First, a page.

Arizona’s ponderosa pine forests are overgrown and prone to catastrophic fires that put our communities and water supplies at risk. The Nature Conservancy is working with communities, businesses, agencies and people like you to restore forest health and improve an important service of a healthy forest: clean, abundant water.
What's New in Arizona
Working with nature to solve problems in the environment is more cost effective than efforts that work against nature.
Arizona’s overgrown forests are prone to damaging high-intensity fire. Learn how the Conservancy is working to restore the health of our forests.
Pat Graham, the director of The Nature Conservancy in Arizona, was appointed to Governor-Elect Doug Ducey's transition committee on water, energy and the environment.
Learn about this year’s "Adventures in Nature” Photo Contest and view the winning photos from last year’s contest.
Conservancy scientists documented the return of water to the parched Colorado River Delta.
Some invasive species are especially sneaky, disguising themselves as beautiful flowers or charismatic creatures. Don't be fooled—here's your guide to some of the worst offenders.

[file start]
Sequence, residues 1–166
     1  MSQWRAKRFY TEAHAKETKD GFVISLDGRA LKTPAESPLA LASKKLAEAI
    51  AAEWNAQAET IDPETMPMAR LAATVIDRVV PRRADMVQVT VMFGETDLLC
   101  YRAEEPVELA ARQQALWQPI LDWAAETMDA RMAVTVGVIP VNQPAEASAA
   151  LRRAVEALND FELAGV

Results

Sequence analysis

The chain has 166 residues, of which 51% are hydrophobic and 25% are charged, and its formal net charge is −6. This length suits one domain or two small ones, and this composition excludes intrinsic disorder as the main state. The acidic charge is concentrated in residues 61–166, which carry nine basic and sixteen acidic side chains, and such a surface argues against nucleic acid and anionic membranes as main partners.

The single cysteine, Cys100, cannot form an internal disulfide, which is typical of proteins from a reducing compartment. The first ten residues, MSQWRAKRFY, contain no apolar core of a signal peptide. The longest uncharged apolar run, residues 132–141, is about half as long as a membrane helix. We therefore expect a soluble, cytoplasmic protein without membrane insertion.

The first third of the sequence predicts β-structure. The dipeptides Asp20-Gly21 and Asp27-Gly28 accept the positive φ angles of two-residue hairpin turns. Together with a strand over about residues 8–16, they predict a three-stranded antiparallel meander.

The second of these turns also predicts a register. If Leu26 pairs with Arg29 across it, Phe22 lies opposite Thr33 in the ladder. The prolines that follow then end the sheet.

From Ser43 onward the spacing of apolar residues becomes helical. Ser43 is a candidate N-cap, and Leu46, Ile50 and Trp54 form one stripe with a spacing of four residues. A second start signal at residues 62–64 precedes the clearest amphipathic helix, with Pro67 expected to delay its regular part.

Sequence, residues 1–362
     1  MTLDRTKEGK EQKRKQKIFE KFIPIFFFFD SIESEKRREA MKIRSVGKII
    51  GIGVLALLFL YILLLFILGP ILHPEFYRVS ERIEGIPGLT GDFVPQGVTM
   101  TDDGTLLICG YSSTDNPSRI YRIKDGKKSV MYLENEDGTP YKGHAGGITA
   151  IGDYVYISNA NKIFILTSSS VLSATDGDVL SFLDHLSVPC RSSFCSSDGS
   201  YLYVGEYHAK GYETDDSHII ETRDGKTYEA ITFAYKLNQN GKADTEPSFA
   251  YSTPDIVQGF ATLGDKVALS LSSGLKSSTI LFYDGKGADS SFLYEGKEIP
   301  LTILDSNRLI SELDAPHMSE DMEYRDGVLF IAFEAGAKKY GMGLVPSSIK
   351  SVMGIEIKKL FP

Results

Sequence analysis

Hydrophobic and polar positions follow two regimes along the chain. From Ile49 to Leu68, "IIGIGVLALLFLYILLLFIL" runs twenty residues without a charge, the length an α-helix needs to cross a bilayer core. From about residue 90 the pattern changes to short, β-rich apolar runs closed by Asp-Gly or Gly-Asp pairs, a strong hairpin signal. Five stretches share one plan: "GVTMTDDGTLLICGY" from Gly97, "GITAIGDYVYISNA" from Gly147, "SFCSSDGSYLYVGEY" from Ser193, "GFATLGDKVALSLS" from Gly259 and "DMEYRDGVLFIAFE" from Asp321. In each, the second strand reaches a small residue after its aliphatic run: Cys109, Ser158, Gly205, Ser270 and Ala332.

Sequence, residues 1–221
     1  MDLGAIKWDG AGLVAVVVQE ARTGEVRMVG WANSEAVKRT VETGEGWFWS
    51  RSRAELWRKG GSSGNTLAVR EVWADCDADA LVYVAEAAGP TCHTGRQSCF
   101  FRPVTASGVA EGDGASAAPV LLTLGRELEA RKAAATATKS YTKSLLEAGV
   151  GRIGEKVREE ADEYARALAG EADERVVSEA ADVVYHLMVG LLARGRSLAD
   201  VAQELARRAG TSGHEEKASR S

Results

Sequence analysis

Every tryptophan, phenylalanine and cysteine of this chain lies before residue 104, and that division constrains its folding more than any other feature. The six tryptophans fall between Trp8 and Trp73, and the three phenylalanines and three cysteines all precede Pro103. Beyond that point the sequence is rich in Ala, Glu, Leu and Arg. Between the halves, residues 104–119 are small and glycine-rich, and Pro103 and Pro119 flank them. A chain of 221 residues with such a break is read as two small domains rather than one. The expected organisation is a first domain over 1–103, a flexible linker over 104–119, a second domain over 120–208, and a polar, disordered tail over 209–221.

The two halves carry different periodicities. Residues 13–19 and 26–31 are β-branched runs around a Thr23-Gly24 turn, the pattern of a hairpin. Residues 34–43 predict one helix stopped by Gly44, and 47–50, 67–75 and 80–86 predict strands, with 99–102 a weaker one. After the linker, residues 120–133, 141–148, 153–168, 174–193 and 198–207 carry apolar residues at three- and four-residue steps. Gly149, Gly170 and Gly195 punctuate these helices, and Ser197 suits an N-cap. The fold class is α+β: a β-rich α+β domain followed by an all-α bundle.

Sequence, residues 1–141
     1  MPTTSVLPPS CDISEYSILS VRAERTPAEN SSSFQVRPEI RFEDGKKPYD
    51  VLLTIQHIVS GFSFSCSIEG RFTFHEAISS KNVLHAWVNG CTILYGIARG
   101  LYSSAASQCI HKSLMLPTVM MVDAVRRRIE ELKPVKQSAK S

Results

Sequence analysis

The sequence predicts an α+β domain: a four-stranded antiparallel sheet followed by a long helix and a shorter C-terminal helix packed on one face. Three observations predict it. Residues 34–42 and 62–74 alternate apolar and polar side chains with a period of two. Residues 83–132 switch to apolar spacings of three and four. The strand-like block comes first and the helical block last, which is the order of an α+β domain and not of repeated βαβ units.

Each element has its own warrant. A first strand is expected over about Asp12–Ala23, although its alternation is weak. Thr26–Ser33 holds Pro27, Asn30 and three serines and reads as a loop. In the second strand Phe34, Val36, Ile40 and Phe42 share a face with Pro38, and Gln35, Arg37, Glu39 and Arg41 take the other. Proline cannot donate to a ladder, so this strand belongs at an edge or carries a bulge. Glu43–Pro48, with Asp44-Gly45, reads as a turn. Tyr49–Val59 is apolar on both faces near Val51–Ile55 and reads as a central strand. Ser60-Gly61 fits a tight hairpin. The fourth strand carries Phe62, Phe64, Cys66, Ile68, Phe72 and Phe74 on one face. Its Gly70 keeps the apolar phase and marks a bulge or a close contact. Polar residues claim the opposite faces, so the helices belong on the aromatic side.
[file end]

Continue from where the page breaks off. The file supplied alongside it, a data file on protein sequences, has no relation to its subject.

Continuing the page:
CBS5News: The Conservancy’s Pat Graham says the need for thinning is urgent, and we need to involve private businesses in the job.
Discover great hikes in Arizona by watching these videos in the Arizona Highways series produced by Cox 7 and featuring Conservancy projects.
See how our work to thin Arizona's forests helped save a community during the Wallow Fire of 2011.
- October 28, 2014
- Important San Pedro River Properties Protected
- October 27, 2014
- New Research Links Forest Thinning to Water Gains
- August 29, 2014
- ‘Recycle for Nature’ to Benefit Water Conservation Efforts in Arizona’s Verde River